Today we finished our week long workshop with the Hursley guys. I really feel we got a good grip on the capabilities of the WSRR. Yesterday I showered praise on the product, so today, being a Libra, I will rant a bit about some drawbacks, before I end on a more positive note.
My main concern with the product is that it still pretty raw. A lot of the configuring goes on in XML and properties files, and functionality is tweaked using Java plug-ins. This is both a strength and a weakness. A strength, because it is flexible and standards based. A weakness, because it makes it really easy to get lost in all the config files. I’m not sure it is a big problem for our customers – after all, that’s why they hire consultants 🙂 . But I sure would love some tooling that could simplify some of the more routine tasks, such as customizing the navigation tree.
But at the end of the day (which it literally is – I’m awaiting a late night flight to Finland), I feel very positive about the possibilities with this product. A different story is the one about the learning curve for both us and our customers when it comes to implement governance from a people’s perspective. I think I’ve quoted this before, but i do it again, because it illustrates the core problem: Everybody wants governance, but no one wants to be governed. We will have to strike a balance with our customers between too much procedural rigor and too little. Most will likely come from a history of no governance at all, so we will have to find ways to introduce sufficient, yet pragmatic processes, especially when we start using tools to enforce procedural compliance. This will require other skills than the purely technical ones required to install and configure WSRR. It will be a most exciting journey!
My hope is that we will soon have a first version of Baseline implemented for WSRR – I’ll keep you updated in this space.
I’m in the middle of a very stimulating and uplifting exercise together with some colleagues an two brilliant chaps from IBM’s Hursley Lab. We started the week with a 2 day crash course of the product. Yesterday was spent modeling the objects we want to put into WSRR to implement the Baseline Service Documentation model. In preparation for this we did some homework around updating our existing model to better reflect the experience we’ve had with trying to build truly reusable services, something that the old model only partly supported. Also, we wanted to align us more clearly to WSDL’s, something which is necessary if we want to play with WSRR, since all it understands out of the box is WSDL.
Today we finally started putting the pieces together. We learned about Protégé, a free tool to to edit ontologies. Within a couple of hours, we had a first draft of an OWL-file (defining our model, with objects and relationships). Once imported into WSRR, magical things started to happen. Stuff we’ve been dreaming of, but have not been able to realize, include:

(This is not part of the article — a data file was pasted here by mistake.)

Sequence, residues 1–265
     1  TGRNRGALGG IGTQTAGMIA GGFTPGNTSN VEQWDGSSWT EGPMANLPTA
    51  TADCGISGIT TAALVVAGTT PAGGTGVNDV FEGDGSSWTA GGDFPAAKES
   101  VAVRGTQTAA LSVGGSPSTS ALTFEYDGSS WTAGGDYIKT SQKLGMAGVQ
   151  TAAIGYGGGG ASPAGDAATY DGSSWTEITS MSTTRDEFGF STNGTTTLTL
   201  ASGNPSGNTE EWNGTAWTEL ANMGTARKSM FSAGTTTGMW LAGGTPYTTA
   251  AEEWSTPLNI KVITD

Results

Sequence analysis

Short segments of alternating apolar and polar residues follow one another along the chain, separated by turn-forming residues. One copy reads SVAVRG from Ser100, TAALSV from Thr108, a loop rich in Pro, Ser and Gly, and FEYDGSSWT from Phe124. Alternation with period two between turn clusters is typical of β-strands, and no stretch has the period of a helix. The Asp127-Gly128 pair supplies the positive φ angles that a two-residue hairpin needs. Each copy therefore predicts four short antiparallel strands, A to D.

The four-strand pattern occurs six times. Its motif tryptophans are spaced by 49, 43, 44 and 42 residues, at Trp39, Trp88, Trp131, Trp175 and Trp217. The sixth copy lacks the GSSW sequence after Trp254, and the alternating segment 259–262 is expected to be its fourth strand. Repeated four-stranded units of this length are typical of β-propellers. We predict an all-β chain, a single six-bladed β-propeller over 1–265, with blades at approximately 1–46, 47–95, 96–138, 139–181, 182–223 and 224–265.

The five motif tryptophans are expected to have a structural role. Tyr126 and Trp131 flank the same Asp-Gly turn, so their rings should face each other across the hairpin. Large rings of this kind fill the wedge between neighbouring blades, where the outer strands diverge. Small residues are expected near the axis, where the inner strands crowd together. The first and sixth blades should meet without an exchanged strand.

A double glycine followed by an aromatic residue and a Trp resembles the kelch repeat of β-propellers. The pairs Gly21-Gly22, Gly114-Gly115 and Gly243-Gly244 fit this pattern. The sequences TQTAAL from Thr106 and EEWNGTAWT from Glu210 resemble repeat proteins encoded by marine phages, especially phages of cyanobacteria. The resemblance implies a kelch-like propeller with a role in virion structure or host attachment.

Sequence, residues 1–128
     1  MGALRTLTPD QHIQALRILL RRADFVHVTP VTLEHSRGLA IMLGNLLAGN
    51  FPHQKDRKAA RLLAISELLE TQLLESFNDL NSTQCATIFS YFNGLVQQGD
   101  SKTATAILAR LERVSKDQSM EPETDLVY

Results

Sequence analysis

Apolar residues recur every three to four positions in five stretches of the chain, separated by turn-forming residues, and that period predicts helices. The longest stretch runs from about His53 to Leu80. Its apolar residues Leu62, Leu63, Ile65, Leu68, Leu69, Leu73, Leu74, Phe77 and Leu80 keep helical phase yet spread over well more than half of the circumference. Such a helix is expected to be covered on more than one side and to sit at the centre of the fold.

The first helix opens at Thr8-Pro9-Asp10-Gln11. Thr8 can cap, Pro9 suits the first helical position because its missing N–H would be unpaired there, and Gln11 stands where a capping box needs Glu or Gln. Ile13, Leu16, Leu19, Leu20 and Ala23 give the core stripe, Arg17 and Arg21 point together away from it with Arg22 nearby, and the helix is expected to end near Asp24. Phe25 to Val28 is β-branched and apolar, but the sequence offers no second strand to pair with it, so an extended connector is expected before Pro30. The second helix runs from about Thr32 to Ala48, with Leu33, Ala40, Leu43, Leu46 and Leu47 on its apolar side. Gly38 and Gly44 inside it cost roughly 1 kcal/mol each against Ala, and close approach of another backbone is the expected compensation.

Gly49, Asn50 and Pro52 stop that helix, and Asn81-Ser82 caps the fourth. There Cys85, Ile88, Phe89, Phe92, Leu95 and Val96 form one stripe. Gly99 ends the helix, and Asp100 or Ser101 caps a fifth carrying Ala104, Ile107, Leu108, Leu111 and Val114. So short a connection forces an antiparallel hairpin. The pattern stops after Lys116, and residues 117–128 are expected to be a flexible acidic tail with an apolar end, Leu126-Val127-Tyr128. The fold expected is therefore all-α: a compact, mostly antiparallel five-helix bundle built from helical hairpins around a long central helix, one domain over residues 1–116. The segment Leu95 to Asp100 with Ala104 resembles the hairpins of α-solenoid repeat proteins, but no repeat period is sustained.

- Automatic dependency analysis, meaning that we can instantly ask things like “If we bring down this machine, what services and service consumers are affected?”
- Automatic name generation, meaning that we can enforce our naming conventions much better than before
- Automatic GUI generation based on the model, complete with links to add related object, so, for example, while creating a Service, we automatically get a link to add Operations
We’ve also seen the relative ease by which you can create java plug-ins to enhance the out-of-the-box functionality of WSRR.
It does look really promising so far! Check back soon, I’ll wrap this up with some more thoughts.
It is quite clear from recent months’ events that our customer base is maturing rapidly toward SOA and BPM. Stuff like WSRR and WPS have been around for a couple of years, yet interest from customers have been lukewarm at best. No real business has been generated, and I must admit I despaired a little a while back, thinking that we would never get the chance to get real SOA dirt under our fingernails.
Well, not any more. We have several customers already in possession of WSRR and DataPower. Many are on the verge of embarking on the BPM-track with WPS. Excitement is in the air, and I really can’t recall a time in Zystems’ history where opportunity leaped at us quite like this. Only problem is to keep up with the challenges of absorbing all this.
Our immediate challenge right now is to investigate the extent to which our Baseline Concept model could serve as the core of a WSRR ontology. This would finally land us with a platform that could leverage all the benefits our model could bring in terms of things like dependency tracing. The farthest we’ve got in this area is our Wiki-based Baseline Service Registry, but it is based on a proprietary product (Confluence from Atlassian) and a bit cumbersome to work with. Having WSRR host this model is very exciting prospect indeed for Mr Baseline!
Keep checking back, I’ll report on our contingent progress on this.